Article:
There's enough water accumulating inside 2010-2015 SRX headlight assemblies to fry the bulb. Meanwhile, GM continues to replace the assemblies with the same defective parts.
There’s enough water accumulating inside 2nd generation SRX headlight assemblies to fry the bulb. While the fix is generally covered under warranty, GM continues to use the same leaky gaskets for replacement parts. Eventually, the gasket fails, the problem comes back, and the owner – who is probably out of warranty at this point – is forced to pay the hefty repair bill.
Defective Seals or Clogged Drains?
Some GM technicians have suggested that the problem is a clogged headlight drain. I don’t buy it because there shouldn’t be enough moisture accumulating inside your assembly to require a drain before drowning the bulb in water.
Whether it’s a defect with the assembly or with the gaskets meant to keep moisture out, there is clearly something wrong with the manufacturing process.
“Passenger light shorted out. Went to the dealer to have the bulb replaced and found out there was water in there and they wanted to charge me $1,300 for a new headlight assembly!”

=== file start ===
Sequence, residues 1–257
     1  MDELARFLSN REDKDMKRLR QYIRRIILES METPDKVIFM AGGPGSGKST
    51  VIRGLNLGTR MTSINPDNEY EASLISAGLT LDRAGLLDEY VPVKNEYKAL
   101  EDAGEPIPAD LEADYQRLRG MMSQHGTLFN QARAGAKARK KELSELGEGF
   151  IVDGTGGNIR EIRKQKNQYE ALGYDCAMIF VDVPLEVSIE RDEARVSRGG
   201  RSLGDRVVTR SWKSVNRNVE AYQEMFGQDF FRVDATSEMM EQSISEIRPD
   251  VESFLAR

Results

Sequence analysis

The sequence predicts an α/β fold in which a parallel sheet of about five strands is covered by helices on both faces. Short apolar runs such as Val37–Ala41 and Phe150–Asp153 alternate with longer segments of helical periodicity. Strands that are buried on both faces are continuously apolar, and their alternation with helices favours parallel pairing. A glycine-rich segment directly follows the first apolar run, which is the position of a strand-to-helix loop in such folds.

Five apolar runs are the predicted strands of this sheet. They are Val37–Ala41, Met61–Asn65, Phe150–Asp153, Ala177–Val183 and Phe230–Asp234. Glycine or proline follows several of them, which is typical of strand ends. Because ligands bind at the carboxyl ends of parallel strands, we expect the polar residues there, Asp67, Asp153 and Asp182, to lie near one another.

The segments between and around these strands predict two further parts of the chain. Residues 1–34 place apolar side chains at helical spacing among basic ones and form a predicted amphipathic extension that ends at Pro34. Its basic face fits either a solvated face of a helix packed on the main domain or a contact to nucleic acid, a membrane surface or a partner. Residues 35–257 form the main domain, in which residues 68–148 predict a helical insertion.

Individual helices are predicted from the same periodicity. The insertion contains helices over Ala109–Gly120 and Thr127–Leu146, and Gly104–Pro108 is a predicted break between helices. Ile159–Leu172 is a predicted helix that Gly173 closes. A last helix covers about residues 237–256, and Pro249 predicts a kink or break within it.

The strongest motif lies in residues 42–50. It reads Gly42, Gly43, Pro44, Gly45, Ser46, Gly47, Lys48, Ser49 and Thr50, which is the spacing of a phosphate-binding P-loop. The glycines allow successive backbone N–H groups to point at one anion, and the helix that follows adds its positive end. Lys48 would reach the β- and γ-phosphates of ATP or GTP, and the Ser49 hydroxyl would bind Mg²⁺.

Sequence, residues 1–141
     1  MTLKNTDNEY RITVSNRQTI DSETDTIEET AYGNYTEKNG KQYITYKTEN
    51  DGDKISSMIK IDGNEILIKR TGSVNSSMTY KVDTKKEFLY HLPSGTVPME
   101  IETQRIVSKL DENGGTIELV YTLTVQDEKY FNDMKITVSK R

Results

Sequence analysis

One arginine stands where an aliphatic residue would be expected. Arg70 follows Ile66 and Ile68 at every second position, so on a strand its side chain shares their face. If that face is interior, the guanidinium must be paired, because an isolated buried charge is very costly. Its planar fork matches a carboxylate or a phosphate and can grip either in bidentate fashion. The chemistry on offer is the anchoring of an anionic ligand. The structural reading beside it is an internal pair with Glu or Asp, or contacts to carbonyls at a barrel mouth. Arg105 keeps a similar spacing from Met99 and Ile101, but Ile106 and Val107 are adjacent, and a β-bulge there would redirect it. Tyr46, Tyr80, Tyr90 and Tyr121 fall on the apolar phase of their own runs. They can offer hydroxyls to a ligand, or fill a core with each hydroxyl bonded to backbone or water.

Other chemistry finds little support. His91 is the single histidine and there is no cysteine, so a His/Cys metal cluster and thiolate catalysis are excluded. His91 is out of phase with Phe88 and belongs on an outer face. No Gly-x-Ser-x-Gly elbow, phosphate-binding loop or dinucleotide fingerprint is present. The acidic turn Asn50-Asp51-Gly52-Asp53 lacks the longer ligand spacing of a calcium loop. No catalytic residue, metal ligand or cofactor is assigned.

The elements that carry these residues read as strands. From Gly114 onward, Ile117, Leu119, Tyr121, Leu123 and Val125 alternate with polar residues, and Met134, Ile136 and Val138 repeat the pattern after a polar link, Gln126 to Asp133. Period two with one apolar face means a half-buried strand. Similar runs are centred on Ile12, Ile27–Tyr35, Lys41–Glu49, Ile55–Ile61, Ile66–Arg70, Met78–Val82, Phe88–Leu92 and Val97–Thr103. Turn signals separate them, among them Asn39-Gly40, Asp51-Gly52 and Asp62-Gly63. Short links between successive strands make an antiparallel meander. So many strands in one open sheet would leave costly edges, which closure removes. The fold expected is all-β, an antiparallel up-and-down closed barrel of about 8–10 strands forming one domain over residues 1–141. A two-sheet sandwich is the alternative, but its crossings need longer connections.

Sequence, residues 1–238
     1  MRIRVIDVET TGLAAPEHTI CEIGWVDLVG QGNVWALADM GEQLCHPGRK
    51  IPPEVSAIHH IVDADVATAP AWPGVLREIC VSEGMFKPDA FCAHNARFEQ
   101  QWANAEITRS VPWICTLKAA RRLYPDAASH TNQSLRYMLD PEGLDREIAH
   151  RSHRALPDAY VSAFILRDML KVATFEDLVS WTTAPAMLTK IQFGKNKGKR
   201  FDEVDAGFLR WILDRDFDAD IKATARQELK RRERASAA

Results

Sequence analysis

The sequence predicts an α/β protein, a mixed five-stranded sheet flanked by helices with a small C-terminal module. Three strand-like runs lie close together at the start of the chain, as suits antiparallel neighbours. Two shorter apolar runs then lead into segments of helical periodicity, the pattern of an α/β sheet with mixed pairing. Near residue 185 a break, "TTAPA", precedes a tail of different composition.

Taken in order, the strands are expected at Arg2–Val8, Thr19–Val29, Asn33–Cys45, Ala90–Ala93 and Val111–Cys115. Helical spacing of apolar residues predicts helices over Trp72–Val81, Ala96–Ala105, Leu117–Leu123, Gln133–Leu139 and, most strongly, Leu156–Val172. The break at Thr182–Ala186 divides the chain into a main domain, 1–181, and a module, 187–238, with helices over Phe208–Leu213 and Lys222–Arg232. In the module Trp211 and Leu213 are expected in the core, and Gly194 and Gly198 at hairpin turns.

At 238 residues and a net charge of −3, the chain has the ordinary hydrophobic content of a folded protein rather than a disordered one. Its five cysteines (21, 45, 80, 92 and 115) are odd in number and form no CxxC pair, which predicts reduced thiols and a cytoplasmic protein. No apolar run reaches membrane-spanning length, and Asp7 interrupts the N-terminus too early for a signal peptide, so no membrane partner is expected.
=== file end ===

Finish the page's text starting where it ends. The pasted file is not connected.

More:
An Expensive Repair
Because the SRX uses HID headlight bulbs, replacing an assembly can cost $1300 and 2 hours or lablor costs. Some owners have paid $2400 to replace both assemblies at once which is a … bargain?
Some out-of-warranty owners have taken to the repairs themselves by conducting seal leak tests and using clear silicone to fix any air gaps.
As always, we recommend you seek a qualified mechanic’s advice before attempting any reapirs yourself.
SRX Headlight Moisture Lawsuit
Consumers feel like GM has a “good deal” going by forcing owners to replace headlight assemblies every so often. A proposed class-action looks to put an end to that.
The plaintiff says he purchased a 2010 Cadillac SRX in 2012 with headlights that accumulated water and moisture through defective seals, making driving a clear safety hazard. According to the lawsuit, the headlights wear out and fail prematurely because General Motors allegedly ignores customer complaints about moisture in the headlights.
The lawsuit, Chester Steele v. General Motors, LLC, was filed in the U.S. District Court for the Central Distict of California.